“Surprisingly, the Budget does not mention any specific schemes or allocations for urban/city development or even Smart Cities," says Arindam Guha, senior director, Deloitte in India. "One possible explanation could be that with increased devolution of taxes and other proceeds to the State Governments, the Government of India expects this role to be played by the State and Local Governments i.e. the Municipal Corporations or the urban local bodies."
"However, even if this is the case, a Central Scheme or programme for city development (even with a limited budget) may have helped (a) establish some common minimum standards for urban sector reforms across the country, (b) set up the institutional mechanism and platform (like for example, a cloud based solution for capturing and processing city-level data) for assisting the City administration to overcome technical capacity constraints, thereby facilitating implementation and improvement of citizen services in a consistent manner," Guha feels.
"The Government needs to become equity partners in SPVs with private companies that will ensure the operation of such 'smart common information infrastructure' for smart cities. Unless cities become self-sufficient, it will not be sustainable. Government encouragement and regulation is required to ensure vested interests do not ruin the opportunity to create this infrastructure," Chowdhury adds. "I fundamentally believe that green field 'Smart cities' will be small in number and only one of the ways to achieve the goal of 100 smart cities."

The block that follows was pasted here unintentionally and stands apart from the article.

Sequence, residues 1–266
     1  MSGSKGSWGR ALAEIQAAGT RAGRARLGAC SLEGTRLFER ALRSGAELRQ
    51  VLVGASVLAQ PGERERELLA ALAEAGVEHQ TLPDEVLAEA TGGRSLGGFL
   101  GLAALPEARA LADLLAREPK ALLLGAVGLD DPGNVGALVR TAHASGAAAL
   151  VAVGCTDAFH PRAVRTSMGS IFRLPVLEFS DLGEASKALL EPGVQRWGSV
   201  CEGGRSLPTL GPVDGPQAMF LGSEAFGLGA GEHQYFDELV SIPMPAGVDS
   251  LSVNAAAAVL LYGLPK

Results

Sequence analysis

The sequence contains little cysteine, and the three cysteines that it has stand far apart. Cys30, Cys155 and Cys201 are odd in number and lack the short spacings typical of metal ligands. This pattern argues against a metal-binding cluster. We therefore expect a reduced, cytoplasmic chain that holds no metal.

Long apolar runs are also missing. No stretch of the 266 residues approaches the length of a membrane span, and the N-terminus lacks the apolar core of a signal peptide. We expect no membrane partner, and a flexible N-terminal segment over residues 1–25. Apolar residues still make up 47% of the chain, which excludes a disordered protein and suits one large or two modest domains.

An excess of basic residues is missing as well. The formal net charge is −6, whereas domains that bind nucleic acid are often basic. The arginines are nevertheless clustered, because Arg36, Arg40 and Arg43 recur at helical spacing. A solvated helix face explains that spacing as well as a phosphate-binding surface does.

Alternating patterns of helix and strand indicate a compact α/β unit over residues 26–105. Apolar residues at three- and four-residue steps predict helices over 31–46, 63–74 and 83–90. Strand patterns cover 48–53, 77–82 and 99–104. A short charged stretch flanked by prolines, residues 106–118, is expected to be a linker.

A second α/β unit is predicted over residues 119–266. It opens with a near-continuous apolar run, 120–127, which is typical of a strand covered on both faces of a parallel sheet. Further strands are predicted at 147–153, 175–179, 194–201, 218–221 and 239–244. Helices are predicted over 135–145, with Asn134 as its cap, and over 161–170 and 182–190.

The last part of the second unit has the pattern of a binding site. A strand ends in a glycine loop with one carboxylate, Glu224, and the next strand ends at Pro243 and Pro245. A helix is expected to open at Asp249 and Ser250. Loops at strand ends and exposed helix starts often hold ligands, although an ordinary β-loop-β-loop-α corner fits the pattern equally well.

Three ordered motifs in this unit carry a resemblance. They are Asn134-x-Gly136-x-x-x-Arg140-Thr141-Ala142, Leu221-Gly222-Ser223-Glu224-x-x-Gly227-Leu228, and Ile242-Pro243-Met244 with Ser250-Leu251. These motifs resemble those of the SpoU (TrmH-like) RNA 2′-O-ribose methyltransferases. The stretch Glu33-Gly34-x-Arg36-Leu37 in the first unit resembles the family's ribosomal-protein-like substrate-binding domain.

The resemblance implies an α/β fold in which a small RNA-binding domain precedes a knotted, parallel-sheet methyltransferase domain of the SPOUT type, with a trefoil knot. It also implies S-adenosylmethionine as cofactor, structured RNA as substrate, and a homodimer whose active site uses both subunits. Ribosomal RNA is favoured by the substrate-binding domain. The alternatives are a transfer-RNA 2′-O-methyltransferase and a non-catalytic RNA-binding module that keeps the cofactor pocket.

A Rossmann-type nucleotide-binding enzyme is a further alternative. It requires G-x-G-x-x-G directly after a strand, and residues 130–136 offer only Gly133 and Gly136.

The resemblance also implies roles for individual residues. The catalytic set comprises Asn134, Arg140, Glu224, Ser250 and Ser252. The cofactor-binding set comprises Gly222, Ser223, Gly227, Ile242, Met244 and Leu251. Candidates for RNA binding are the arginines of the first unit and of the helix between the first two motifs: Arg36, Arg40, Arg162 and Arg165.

To sum this up, it won't be wrong in saying that the Modi government may have made a tech-enabled beginning in “talks”, but action and implementation is more important!